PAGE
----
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Presidential Visit to Independence Hall - Richard M. Nixon - October 20, 1972

Posted on Thursday, December 31, 2020

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With Independence Hall as the Setting, President Richard M. Nixon Signed a Major Piece of Legislation in the Final Days of the 1972 Presidential Election

On October 20, 1972, President Richard M. Nixon, the 37th President of the United States, arrived in Philadelphia and signed into law a $30.2 billion dollar revenue sharing program in front of Independence Hall.

Nixon Signs Revenue Sharing Bill at Independence Hall - October 20, 1972 - The Philadelphia Inquirer

On October 21, 1972, The Philadelphia Inquirer reported that President Nixon proclaimed that the revenue sharing program would usher in "a new American Revolution" and noted the significance of signing the legislation in front of Independence Hall, the building where he remarked that "more of our nation's history was made than any other."

The program, which was designed to return Federal Government surpluses to the states and municipalities, was set to release $91 million back to the Commonwealth of Pennsylvania and $65 million to the City of Philadelphia, and billions more to states and cities across America. The program highlighted Nixon's belief that the growing size of the American Government was a problem, and funds would be better served in local governments where they could take control of their own needs and affairs.

Although ostensibly a "non-political" visit to Philadelphia, the law signing had all the trappings of a campaign event and Nixon hit strongly on the message that his new law was designed to stop the escalation of local taxes. The signing took place just weeks before the 1972 Presidential Election in which Nixon defeated Democratic Nominee George McGovern. After the signing, Nixon also took a two hour tour through neighboring Delaware and Chester counties where he stopped at three Republican campaign headquarters to shake hands with volunteers.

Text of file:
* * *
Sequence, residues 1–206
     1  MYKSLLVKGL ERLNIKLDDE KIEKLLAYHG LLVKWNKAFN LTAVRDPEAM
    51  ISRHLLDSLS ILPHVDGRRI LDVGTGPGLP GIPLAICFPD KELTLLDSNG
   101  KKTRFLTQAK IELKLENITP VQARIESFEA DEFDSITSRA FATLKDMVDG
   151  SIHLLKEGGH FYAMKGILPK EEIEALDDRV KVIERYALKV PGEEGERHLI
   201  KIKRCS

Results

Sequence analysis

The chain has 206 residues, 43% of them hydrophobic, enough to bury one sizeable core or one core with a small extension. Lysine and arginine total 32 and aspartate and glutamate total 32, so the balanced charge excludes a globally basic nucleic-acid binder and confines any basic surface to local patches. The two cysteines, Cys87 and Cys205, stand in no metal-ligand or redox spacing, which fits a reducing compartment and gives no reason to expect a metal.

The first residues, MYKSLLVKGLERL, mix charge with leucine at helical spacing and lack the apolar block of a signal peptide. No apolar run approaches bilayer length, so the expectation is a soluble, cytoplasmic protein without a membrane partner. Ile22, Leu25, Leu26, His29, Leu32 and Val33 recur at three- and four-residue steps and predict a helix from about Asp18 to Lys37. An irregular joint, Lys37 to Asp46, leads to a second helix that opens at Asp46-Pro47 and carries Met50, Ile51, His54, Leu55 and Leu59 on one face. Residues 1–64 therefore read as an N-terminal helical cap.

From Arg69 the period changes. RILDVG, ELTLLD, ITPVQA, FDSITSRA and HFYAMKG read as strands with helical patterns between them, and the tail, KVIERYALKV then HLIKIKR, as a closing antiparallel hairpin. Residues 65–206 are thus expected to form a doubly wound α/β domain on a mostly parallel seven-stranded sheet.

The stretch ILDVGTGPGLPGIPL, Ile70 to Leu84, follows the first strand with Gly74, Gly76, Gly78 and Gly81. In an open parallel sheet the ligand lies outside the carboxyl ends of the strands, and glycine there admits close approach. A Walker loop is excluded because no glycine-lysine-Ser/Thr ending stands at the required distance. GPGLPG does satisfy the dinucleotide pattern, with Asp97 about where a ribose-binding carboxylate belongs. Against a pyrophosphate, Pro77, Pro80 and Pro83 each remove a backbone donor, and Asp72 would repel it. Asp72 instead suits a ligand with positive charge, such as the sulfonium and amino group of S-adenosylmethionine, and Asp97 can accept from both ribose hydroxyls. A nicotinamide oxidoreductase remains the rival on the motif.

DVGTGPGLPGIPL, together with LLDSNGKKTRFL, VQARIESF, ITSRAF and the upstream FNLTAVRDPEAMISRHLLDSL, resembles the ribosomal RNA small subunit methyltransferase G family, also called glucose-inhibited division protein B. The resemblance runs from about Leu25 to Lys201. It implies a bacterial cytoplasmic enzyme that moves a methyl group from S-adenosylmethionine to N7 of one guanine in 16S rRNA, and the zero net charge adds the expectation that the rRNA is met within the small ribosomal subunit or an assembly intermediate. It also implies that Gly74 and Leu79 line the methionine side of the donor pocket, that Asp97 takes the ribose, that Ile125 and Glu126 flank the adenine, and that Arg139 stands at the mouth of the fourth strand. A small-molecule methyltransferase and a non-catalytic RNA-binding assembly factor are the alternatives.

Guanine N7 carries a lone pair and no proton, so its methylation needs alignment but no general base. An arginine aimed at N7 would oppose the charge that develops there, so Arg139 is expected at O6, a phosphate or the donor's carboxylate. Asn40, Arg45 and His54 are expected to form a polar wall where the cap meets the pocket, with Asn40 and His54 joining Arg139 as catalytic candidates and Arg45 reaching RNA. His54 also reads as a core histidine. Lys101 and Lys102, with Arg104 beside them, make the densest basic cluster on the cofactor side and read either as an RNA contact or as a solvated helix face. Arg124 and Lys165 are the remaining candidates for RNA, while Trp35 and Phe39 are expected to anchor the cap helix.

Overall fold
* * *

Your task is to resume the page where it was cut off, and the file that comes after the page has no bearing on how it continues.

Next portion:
Protestors Greet President Nixon in Philadelphia

Nixon's visit to Philadelphia was not without controversy. Protesters interrupted Nixon multiple times when he spoke, with one man standing up and shouting, "Don't use our money to kill, Mr. Nixon!", just as Nixon was beginning to speak. The man was among multiple Vietnam War protesters who were arrested that day.

Gay Activist Alliance Protest Nixon's Visit to Philadelphia by Chaining Themselves to Nixon's Philadelphia Headquarters

Just a mere 11 blocks to the West from Independence Hall at Nixon's Philadelphia re-election headquarters, more protestors gathered at 1719 Chestnut Street. Members of the Philadelphia Gay Activist Alliance protested Nixon's treatment of the gay community and failures to address issues important to the community. After three participants of the protest chained themselves to the front door of Nixon's Philadelphia headquarters, police arrived to remove the protestors.

Despite the significant number of protestors, Philadelphia's Mayor, Frank Rizzo, a supporter of President Nixon, insisted he did not see any protestors and claimed, "All I heard was cheers for the President."

Nixon's Visit Today

Independence Hall, America's Birthplace and the site where President Nixon signed his revenue sharing bill into law, is a key stop on The Constitutional Walking Tour of Philadelphia!




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